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Get it while it’s hot: You really can bake your own focaccia

I don’t know about you guys, but I don’t know how many more times I can bake chocolate chip cookies before I never want to see another chocolate chip again. Honestly, I’m running out of things to do, let alone bake, in this quarantine. And before you ask, I’m no Buddy from Cake Boss in the kitchen, so my reach typically doesn’t go very far past cookies and prepackaged cake mix. However, for the sake of my nonexistent summer body, I need to lay off the desserts and try out something a little less sweet.

Sarah Joy Hays, owner of CounterspaceBR, recently shared with us one of her favorite go-to bread recipes that’s just as delicious as it is easy. “This recipe always turns out,” explains Hays. “Follow the instructions and you will never want to buy bread at the grocery store ever again.”

According to Hays, a big part of following any bread baking instructions is using measurement by weight instead of volume. So if you plan on getting serious about bread baking, Hays highly recommends investing in a kitchen scale because the accuracy of measurements can make a world of difference in the final product.

If you feel like you aren’t doing it right, Hays wants to remind you that the Internet is your friend. Some of her favorite bread bakers to follow include @zoebakes, @bakerhands and @danthebaker. “All these fine folks are doing loads of tutorials and live videos and giving great instruction on bread baking during our times of quarantine and kitchen adventure,” says Hays.

Read on to find out just what your next in-the-kitchen activity entails:

Photo by Alex Lau.

Easy Focaccia

6¼ cups bread flour (30 oz. or 850g)*
2¼ tsp. active dry yeast (from one ¼-oz. packet)
Pinch of sugar
2 Tbsp. Diamond Crystal or 1 Tbsp. Morton kosher salt
5 Tbsp. extra-virgin olive oil, divided, plus more for greasing and drizzling
Flaky sea salt
*Tip from Hays: If you don’t have bread flour, it’s A-OK. The biggest difference between bread flour and all-purpose flour is the protein content. Yes, flour has protein! If you are able to use bread flour there is a higher protein content and that higher protein content produces lots of gluten. Gluten is what makes bread chewy and delicious. So, if you need to sub in all-purpose flour, your bread just won’t have quite the same texture.

Combine flour and 2½ cups room-temperature water in the bowl of a stand mixer fitted with the dough hook. Mix on low speed, scraping down sides and hook as needed to incorporate any dry flour, until a shaggy dough forms. Remove dough hook and cover bowl with plastic. Let sit while you prepare the yeast (you can leave the dough in this state up to 2 hours).
Stir yeast, sugar and ½ cup warm water with a fork in a small bowl to dissolve. Let sit until yeast is foamy–about 5 minutes.
Pour yeast mixture into stand mixer bowl and mix on low speed until dough absorbs all additional water–about 1 minute (pulse mixer on and off a couple of times at very beginning to prevent liquid from splashing over the sides). Add kosher salt and continue to mix, increasing speed to medium, until dough is extremely elastic and very sticky (it will look more like a thick batter and will stick to sides of bowl)–about 5 minutes.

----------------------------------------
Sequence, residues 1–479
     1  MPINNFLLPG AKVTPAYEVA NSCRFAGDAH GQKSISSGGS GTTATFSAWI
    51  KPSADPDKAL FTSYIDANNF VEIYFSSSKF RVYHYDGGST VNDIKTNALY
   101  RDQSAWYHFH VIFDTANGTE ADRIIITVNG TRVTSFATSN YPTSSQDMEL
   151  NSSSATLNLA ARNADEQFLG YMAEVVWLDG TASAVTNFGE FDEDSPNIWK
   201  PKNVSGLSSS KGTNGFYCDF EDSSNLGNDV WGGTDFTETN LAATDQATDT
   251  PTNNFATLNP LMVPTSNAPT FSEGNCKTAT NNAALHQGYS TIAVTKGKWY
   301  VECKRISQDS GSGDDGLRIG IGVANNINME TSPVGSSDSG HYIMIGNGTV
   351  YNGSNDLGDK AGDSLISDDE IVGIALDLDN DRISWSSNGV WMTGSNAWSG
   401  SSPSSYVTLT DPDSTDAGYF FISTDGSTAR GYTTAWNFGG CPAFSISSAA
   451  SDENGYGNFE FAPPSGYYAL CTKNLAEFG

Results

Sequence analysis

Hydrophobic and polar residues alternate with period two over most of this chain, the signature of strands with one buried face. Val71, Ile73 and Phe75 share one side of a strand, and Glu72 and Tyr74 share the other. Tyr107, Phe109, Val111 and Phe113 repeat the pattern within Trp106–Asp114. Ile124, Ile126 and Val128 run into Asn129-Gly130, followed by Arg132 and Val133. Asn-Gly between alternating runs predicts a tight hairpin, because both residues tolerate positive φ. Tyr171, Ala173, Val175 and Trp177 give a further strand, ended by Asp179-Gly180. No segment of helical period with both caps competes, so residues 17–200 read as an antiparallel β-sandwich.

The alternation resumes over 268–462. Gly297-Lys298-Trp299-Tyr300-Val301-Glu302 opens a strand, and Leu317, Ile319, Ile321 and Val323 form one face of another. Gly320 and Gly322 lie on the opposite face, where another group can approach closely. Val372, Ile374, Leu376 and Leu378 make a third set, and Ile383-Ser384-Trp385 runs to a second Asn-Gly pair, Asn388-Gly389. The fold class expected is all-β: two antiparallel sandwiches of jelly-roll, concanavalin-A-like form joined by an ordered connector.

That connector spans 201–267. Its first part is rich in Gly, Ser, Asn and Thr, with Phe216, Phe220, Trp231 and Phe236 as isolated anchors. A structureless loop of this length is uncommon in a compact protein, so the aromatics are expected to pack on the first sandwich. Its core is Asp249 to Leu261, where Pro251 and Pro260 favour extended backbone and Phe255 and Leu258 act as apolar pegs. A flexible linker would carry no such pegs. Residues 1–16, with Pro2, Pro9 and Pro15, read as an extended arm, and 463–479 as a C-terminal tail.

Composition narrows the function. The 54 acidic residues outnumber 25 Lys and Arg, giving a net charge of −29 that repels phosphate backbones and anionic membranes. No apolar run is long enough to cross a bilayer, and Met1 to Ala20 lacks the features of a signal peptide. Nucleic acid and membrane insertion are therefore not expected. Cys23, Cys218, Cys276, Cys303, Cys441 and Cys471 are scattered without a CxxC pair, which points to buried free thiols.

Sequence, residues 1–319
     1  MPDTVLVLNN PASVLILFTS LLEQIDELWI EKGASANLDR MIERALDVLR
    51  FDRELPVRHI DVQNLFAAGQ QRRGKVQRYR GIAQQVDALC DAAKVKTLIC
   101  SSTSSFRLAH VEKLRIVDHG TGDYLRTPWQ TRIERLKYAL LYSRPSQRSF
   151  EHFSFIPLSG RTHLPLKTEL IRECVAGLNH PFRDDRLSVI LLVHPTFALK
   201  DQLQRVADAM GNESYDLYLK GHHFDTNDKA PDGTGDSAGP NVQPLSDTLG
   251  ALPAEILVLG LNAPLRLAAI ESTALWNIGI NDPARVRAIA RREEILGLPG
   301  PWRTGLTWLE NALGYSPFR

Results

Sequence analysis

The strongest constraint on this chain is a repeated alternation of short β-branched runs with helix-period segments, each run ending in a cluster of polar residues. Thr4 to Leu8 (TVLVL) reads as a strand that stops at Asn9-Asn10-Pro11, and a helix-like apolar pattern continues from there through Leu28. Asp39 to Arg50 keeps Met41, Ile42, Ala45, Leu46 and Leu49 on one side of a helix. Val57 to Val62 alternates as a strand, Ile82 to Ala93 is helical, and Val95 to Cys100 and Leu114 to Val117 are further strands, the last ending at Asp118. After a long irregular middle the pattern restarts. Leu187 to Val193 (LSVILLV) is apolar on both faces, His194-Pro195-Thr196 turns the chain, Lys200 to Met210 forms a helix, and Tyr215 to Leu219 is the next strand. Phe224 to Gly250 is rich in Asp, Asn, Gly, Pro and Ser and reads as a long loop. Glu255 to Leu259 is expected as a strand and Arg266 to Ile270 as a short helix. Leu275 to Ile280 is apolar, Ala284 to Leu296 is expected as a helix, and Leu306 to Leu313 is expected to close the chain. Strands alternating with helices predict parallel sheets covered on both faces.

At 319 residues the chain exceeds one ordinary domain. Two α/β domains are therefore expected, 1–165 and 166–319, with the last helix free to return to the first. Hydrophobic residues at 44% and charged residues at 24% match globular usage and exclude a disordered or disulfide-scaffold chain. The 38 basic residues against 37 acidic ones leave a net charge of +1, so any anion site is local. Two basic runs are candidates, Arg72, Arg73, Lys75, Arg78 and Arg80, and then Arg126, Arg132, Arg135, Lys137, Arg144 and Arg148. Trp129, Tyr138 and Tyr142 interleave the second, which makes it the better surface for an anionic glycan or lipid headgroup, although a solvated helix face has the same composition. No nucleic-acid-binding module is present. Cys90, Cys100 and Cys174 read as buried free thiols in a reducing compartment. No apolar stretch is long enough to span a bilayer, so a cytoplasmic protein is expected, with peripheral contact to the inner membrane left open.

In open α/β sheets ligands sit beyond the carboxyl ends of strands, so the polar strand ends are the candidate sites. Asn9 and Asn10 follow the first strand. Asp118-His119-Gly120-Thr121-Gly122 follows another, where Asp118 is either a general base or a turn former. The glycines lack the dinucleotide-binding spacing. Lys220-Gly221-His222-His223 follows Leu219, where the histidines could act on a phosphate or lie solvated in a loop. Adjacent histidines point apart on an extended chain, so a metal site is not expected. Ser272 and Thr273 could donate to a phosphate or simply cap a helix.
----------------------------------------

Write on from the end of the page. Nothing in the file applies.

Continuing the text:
Pour 3 Tbsp. oil into a large (preferably glass) bowl and swirl to coat sides. Scrape in dough with a large spatula or flexible bench scraper. Cover and place in a warm spot until dough is doubled in volume–about 2 to 3 hours. If using a glass bowl, it’s helpful to mark the position of the dough at the beginning so you can accurately assess the rise (a dry-erase marker or piece of tape works).
Drizzle 2 Tbsp. oil over an 18 x 13-inch sheet pan and use fingertips to rub all over bottom and sides. Using large spatula or flexible bench scraper, fold dough inside bowl a couple of times to deflate, then scrape onto prepared baking sheet. Using oiled hands, lift up dough and fold over onto itself in half, then rotate baking sheet 90 degrees and fold in half again. Cover dough with a piece of well-oiled plastic and let rest 10 minutes to let gluten relax.
Uncover and go back in with oiled hands, gently stretching dough (to avoid tearing) across length and width of baking sheet in an even layer, working all the way to edges and into corners. If dough starts to spring back, let sit 5 to 10 minutes and start again. Cover again with same piece of oiled plastic and chill at least 8 hours and up to 24.
Let sheet pan sit in a warm spot until dough is puffed and bubbly and nearly doubled in height–about 45 to 65 minutes (if you’re using a standard half sheet pan, it will have risen to the very top of the sides). Meanwhile, place a rack in center of oven; preheat to 450 degrees.
Remove plastic and drizzle dough generously with more oil. Oil hands again and press fingertips firmly into dough, pushing down all the way to bottom of pan to dimple all over. Sprinkle generously with sea salt.
Bake focaccia until surface is deep golden brown all over–about 25 to 35 minutes. Let cool in pan for 10 minutes. Slide a thin metal spatula underneath focaccia to loosen from sheet pan (it may stick in a couple of places, so use some elbow grease to get underneath) and transfer to a wire rack. Let cool completely before cutting as desired.
Photo by Alex Lau.

Have you baked any bread as a quarantine activity? Let us know in the comments below, and be sure to tag @inregister in any bread baking content shared on your Instagram.